16. It was designed to keep lawyers and bureaucrats happy. Here is the chinese blog written by its design team. View it in Chrome, or run it through Google translate. It explains each of the steps of the designers. The executives, bureaucrats and lawyers then crippled it to provide the "safety margins" http://bbs.ninebot.cn/forum.php?mod=viewthread&tid=4100&extra=page%3D1%26filter%3Dtypeid%26typeid%3D43 1/23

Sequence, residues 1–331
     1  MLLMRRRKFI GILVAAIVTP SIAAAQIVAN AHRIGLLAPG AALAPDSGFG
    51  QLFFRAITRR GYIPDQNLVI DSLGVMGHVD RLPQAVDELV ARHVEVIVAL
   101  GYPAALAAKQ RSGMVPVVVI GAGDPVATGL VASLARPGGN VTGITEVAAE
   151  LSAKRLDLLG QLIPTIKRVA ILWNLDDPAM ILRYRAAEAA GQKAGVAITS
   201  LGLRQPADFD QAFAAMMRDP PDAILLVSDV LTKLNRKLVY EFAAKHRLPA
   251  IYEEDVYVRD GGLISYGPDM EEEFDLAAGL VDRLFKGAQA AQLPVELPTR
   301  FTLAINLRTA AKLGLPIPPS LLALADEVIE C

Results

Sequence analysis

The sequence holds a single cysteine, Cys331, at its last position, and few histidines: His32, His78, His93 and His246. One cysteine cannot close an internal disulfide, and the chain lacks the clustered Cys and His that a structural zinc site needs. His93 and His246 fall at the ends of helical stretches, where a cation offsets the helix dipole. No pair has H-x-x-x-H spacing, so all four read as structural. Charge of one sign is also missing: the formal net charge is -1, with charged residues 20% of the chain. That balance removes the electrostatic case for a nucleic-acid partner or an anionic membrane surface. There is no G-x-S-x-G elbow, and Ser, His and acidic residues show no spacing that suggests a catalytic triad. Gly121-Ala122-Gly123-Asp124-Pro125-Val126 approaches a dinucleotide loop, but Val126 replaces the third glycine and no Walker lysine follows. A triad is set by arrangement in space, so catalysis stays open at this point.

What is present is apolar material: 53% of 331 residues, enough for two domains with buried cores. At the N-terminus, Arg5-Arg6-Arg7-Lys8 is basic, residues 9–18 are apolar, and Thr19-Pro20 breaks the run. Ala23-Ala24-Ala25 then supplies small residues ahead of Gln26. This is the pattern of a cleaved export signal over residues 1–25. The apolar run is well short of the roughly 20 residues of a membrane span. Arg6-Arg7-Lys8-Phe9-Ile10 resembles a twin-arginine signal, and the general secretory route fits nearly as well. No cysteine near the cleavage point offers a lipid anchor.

17. @ChriullFor me the speed increase is not important. Two other things make the MiniPRO critically unsafe 1. When you get to a point where the MiniPRO thinks you are pushing it too hard it slows down by pushing you backwards, which does result in me falling and crashing (turning off the track). It also beeps, but there is no way to tell it you are a responsible driver, and that beeping is all it needs to do (and 'please don't push me off'). This pushback occurs at varying speeds dependent on terrain, and on the streets around my home it occurs at 10-12Kph which is not much faster than a walking pace. It is very,very hard to keep your balance at these slow speeds when the pushback occurs. This is a safety problem, not a speed problem. Better to manually ride slow than get pushed off without warning, but the Ninebot firmware doesn't give you this choice. 2. As the battery empties the speed at which you can move is reduced by the controller firmware. The batteries can actually supply just as much current at low charge levels, yet the machine pushes me back at even lower speeds than the 10-12Kph mentioned above. I think this behavior allows Ninebot to use cheaper Lithium Ion cells than the LG cells they actually ended up using. My suspicion is that they were forced to drop the cheaper cells, for which this firmware was written, due to their propensity to catch fire. The Swallowbot software allows more of the LG battery to be used, if necessary, only slowing you down when the charge is almost gone (and charge has therefore become a safety issue). This forum is being used to share thoughts about these issues, and others, and is a HOT TOPIC because these are REAL PROBLEMS Does the Swallowbot software do what it is supposed to do? What about the Chinese firmware hack, does it work properly? These are the topics you will find in this forum, along with the "How do I get this to try on my MiniPRO" which is such a focus at this point in time.